Violent crimes and property crimes have both ticked up this year when compared to last in San Francisco. The Los Angeles Times reports that San Francisco "saw more than 20% jumps in both the rate of property crime, such as thefts and burglary, and the rate of violent crime, such as robbery and assault, between 2012 and 2013" while most major metropolitan areas in California, including San Jose, saw crime rates drop.

The increase in crime may be linked to the wide income gap disparity in the city. The Times reports that the top 5% of the city's residents earn on average $350,000 while 23% of the residents are at or below the poverty line. Though rapes, assaults, petty theft and other rates of crime are up, there have been the fewest number of murders in the city since 1954.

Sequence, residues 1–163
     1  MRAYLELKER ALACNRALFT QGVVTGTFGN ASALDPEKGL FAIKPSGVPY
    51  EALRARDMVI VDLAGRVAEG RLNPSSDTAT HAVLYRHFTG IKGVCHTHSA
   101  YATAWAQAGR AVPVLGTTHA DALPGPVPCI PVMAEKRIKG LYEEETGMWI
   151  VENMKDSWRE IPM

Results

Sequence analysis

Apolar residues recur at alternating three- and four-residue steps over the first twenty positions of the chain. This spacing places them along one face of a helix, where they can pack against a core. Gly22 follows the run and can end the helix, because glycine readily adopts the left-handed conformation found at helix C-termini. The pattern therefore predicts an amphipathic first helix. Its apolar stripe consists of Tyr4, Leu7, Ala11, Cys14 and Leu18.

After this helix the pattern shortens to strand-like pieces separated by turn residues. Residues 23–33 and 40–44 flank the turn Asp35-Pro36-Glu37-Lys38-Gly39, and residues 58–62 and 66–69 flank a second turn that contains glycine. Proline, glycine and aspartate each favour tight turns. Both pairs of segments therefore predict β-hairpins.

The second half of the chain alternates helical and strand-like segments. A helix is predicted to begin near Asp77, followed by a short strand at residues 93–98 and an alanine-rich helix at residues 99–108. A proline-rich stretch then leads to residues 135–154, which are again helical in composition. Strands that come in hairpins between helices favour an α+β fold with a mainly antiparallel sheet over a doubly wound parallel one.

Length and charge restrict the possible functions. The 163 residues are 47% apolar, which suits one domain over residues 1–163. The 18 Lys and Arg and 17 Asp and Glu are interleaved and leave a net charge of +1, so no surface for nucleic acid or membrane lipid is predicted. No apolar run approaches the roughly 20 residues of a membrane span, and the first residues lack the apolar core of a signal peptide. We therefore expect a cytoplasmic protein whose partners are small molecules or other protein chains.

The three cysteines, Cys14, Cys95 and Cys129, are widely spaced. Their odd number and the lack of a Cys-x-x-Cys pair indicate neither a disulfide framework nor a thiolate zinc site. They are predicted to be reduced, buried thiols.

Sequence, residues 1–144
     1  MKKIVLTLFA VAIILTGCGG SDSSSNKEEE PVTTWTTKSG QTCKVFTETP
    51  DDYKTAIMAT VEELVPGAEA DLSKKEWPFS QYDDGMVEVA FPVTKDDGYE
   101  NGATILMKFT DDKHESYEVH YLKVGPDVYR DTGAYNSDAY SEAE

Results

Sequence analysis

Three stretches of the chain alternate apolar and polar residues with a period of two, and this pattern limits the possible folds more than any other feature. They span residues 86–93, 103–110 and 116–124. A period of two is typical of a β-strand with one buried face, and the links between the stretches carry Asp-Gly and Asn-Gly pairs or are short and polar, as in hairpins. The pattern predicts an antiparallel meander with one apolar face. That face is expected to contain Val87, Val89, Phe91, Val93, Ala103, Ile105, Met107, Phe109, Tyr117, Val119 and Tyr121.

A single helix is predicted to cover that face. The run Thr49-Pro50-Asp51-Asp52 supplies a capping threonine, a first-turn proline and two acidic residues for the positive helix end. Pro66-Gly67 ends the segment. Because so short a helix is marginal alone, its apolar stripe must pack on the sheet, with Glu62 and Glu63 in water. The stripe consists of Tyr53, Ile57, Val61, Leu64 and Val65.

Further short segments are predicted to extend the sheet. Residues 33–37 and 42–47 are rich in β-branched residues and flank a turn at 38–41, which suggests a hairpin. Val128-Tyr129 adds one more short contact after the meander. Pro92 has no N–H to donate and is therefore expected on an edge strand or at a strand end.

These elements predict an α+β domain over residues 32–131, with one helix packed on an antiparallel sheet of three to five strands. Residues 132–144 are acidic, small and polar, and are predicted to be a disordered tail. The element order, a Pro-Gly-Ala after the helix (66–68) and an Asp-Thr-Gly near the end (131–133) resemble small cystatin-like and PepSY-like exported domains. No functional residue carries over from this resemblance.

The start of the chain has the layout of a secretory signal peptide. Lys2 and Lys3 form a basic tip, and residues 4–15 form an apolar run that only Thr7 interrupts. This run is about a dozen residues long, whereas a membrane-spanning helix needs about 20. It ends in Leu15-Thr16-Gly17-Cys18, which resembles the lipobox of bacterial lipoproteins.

Certainly an increase in crime is disturbing but efforts by the police to "get tough on crime" must be tempered with protection of the rights of suspected criminals. When a rise in crime makes headlines, law enforcement's reaction is to respond aggressively. While this may temporarily reduce crime, it does nothing to alleviate the income disparity  contributing to crime rate increases. The problem is one that law enforcement cannot solve alone.